The Harmful Rise in Life Imprisonment in the United States

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Senior Research Analyst, The Sentencing Project

In recent years, states around the country have been reconsidering incarceration as the primary response to criminal behavior. After a decades-long surge, America is seeing modest declines in prison populations and various state legislatures have reformed sentencing laws to reduce prison sentences for people convicted of certain kinds of offenses. In 2011 and 2012, 17 states actually closed some of their prisons. Despite these developments – and even though serious violent crimes have been declining for the past two decades – the number of U.S. prisoners serving life sentences continues to grow. This makes little sense, because research shows few public safety benefits from more lengthy sentences.

In a recent report for The Sentencing Project, I detail the rise of the “lifer” population in America’s prisons, which grew from 34,000 in 1984 to now nearly 160,000, with almost 50,000 of the current lifers serving sentences without parole. Data for the report come from a survey of departments of corrections on the number of persons serving life sentences in all 50 states and
the Federal Bureau of Prisons as of year-end 2012. The survey collected information on the number of persons serving life sentences, their demographic characteristics and types of offenses. The report offers the only national data tracking trends, dating back to 1980, on the use of life sentences across all states and the federal government.

The Upward Creep of Life Sentences

Upward trends in life sentences originated in the “tough on crime” political environment of the 1980s, which saw growing skepticism about possibilities for rehabilitating serious criminals. Punishment and incapacitation became the primary goals as many legislators abandoned the idea of reforming offenders and the public grew more comfortable with the idea of putting offenders away either for long terms or the rest of their lives. Imprisonment became a matter of retribution as public fears were stoked by sensationalized media accounts of new offenses by formerly incarcerated persons. Proliferating life sentences were the result. Even today, as diverse coalitions of lawmakers and stakeholders reexamine corrections policy, the fate of prisoners serving life sentences continues to be largely excluded from discussions of sentencing reforms.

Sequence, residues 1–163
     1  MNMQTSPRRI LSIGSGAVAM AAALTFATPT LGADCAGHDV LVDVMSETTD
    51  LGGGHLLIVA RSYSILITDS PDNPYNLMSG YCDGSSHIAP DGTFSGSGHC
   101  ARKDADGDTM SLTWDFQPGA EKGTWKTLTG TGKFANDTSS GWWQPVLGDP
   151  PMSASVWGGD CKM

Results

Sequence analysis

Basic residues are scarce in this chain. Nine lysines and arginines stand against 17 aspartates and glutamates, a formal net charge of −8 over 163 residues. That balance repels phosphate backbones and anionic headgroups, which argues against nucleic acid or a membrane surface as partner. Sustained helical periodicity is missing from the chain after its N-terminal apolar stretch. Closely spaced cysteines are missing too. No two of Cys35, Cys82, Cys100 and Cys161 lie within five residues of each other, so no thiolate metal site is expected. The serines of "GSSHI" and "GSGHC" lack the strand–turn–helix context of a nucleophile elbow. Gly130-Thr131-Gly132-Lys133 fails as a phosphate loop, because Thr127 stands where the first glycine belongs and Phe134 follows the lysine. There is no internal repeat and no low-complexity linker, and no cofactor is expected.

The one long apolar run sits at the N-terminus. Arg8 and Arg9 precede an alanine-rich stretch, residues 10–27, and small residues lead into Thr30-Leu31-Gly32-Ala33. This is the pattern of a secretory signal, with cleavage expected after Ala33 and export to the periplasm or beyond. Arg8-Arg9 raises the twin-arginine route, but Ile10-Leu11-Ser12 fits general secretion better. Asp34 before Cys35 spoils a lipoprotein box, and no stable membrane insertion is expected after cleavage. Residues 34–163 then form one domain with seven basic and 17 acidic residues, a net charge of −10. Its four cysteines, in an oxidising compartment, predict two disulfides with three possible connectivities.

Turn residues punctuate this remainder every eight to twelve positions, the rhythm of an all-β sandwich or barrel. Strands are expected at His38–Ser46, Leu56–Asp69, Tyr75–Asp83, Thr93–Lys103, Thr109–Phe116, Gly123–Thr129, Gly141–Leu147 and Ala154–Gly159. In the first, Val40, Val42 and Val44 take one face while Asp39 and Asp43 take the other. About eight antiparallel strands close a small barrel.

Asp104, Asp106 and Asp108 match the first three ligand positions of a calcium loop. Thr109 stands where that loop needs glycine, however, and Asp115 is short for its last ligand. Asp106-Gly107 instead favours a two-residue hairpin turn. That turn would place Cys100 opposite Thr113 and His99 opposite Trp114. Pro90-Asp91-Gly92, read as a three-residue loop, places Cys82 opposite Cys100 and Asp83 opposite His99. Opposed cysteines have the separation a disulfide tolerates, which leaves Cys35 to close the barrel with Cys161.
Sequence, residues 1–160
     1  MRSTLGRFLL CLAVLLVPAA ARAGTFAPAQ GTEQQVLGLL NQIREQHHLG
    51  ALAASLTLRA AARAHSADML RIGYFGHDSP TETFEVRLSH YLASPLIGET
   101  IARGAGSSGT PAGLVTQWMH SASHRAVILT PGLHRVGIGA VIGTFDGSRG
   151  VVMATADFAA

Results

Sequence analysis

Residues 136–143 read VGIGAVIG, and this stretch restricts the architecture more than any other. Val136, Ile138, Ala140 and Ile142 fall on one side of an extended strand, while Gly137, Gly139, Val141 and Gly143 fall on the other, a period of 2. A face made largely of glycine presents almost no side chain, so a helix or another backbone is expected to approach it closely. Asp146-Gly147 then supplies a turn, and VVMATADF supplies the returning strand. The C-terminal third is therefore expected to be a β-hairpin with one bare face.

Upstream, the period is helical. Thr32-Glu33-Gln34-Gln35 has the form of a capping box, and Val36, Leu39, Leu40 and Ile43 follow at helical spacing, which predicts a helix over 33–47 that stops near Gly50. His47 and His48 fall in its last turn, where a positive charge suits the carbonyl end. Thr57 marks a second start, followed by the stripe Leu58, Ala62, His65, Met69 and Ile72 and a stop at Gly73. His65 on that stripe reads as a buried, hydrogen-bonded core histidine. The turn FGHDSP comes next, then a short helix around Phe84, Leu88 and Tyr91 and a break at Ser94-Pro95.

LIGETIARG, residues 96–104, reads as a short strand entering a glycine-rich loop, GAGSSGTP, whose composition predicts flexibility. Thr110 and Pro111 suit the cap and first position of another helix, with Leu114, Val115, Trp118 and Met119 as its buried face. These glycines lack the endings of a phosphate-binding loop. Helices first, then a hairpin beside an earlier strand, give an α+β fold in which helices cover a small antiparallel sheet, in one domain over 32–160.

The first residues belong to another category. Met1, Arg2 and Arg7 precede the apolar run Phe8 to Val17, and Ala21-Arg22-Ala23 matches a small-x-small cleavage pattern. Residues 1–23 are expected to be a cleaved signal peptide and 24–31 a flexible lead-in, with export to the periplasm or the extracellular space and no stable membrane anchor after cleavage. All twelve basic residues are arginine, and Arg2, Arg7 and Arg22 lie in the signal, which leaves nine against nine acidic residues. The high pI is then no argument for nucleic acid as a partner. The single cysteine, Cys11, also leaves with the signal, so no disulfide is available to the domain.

Additional factors also spurred increases in life sentences:

  • Starting in the late 1970s, various states either eliminated or greatly curtailed the use of parole. Along with the federal government, six states – Illinois, Iowa, Louisiana, Maine, Pennsylvania, and South Dakota – eliminated parole entirely, requiring all life-sentenced inmates to spend the remainder of their days in prison with no possibility for review or release.
  • Across the country, life sentences for non-homicides have also increased. In eight states, more than 30% of the life-without-parole population consists of inmates convicted of non-homicide offenses. Oklahoma, for example, has the third highest rate of incarceration in the nation, with 27% of the prisoners overall serving time for drug offenses. In that state, 6.4% of the inmates serving life without parole are drug offenders, because Oklahoma’s especially harsh drug laws require a life-without-parole-sentence for anyone with two previous felony convictions.